Could 2018 Be the Year of the Female Candidate?

by Jason Frerichs

Next year is shaping up to be quite the year for both progressive politics in Iowa and for those of us who wish to see women take a more prominent role in the Democratic Party.  There are three very strong, progressive women who have either announced their intention to run or are putting together a committee to explore the possibility of a congressional run.  These women have answered the call for a political revolution.

In the first district, we have a literal rocket scientist exploring a run against Rod Blum.  Courtney Rowe is a member of the Linn County Central Committee and was a 2016 delegate for Senator Bernie Sanders.  She is married to a minister and is very active in the Iowa Democratic Party.  She studied aeronautical engineering at Purdue University.  When asked why she is thinking about running, Courtney had the following to say, “I’m running because Democrats must recognize that wealth inequality is tied to all other forms of inequality: racial, religious, gender, environmental, educational, etc. We cannot appropriately defend the rights of all people if we do not defend their opportunity to make a decent living. The policies of the political establishment have reduced the middle class and stagnated the wages for the bottom 98% of the population. This last election was an indication of the frustration of many Americans who no longer see the American Opportunity that is the foundation of our country. A successful con man played upon the economic frustration of many and gave them a false outlet: refugees, immigrants, Muslims, diversity in general. This distraction is intentional. The reason many politicians are unwilling to address the real problems that face our country and our economy is because they are paid through campaign donations by those at the top who have created this system of inequality. We need problem solvers who only serve one master: their constituents. As an engineer, a student of politics and economics, and a person who is unbought and unafraid, I am ready and willing to take on this challenge.”

In the third district, Anna Ryon has stepped up the plate to challenge Congressman David Young.  Anna will be holding an event on Wednesday, March 8th at 6 pm at Street Car 209 in Des Moines’ East Village.  Anna will be officially announcing her intention to run for congress.  Anna works for the Office of Consumer Advocate, where she represents consumer interests on issues in front of the Iowa Utilities Board.  She lives with her husband in the Drake neighborhood of Des Moines.  When asked why decided to run for congress, she had the following to say, “I intentionally avoided politics for most of my life. I always thought it was enough to have a day job where I was doing something worthwhile and I could leave the vicious game of politics to people better suited for it. But the events of the last year have changed my perspective. I can no longer sit on the sidelines and wait for someone else to do what I’m not willing to do myself. It’s time for me to be willing to put myself on the line and fight for what I believe in.”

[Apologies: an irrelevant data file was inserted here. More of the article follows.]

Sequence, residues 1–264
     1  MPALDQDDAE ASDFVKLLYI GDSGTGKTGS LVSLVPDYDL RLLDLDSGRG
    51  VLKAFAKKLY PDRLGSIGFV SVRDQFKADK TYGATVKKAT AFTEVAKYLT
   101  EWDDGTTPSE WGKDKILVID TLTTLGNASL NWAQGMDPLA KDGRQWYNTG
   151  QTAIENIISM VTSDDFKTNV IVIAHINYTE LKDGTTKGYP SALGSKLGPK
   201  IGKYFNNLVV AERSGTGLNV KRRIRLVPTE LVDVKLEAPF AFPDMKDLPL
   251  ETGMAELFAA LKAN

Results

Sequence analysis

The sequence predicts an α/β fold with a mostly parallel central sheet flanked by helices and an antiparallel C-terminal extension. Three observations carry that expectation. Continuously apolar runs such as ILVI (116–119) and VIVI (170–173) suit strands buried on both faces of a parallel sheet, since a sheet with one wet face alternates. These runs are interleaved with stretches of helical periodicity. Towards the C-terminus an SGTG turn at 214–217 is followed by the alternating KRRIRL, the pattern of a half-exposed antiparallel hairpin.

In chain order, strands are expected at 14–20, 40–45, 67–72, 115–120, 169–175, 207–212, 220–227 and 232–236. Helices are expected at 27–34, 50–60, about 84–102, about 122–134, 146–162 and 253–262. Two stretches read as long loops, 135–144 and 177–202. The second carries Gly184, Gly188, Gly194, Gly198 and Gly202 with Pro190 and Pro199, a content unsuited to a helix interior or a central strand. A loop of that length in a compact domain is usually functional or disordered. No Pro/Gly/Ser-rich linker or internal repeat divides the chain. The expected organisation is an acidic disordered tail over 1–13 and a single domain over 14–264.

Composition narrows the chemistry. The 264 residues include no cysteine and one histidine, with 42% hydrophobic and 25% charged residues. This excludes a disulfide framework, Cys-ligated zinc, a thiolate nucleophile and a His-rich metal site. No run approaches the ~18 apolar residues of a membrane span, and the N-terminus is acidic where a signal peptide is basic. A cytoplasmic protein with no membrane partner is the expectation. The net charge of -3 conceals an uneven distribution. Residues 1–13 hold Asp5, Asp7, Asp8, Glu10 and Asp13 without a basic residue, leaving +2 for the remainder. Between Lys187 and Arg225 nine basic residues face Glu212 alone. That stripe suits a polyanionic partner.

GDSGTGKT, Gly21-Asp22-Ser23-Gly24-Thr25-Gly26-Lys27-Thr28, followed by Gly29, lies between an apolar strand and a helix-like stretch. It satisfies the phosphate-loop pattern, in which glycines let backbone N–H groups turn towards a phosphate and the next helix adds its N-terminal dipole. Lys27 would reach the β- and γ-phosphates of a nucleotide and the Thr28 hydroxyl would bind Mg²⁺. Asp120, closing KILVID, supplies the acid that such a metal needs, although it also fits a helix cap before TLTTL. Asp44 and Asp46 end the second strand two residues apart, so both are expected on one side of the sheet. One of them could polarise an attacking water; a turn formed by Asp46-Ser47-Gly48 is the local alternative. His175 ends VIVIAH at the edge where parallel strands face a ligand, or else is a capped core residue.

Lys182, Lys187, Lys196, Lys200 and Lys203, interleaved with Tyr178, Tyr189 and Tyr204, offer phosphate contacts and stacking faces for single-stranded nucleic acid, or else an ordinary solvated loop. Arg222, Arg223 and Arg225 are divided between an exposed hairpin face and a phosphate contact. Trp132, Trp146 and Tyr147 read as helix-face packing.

In the fighting fourth, well-known party activist Kim Weaver is gearing up for a rematch with Steve King. Kim is a county chair and a member of the State Central Committee.  The fourth district has been an extremely difficult district for anyone to gain traction in.  In 2016 Kim did an excellent job fighting an uphill battle.  She got a higher percentage of the fourth district vote than both Hillary Clinton and senate candidate Patty Judge.  Kim did all this with a budget of roughly $200,000.  When asked why she decided to run again, Kim had the following to say, “I’m running because I believe it is important to have our voices heard. No matter how daunting the challenge is, losing our voice is much more of a threat to democracy than the risk of losing an election.”

Progressive Iowans are extremely lucky to have three very talented women expressing an interest in running for office.  The Democratic Party and our political system, in general, has been dominated by white men for far too long.  If we are truly going to be the party of the working class and the People’s Party, it is imperative that we have a diverse group of voices representing us.  To paraphrase Third District Chair Bill Brauch, the more diverse voices we have, the better off we’ll be.


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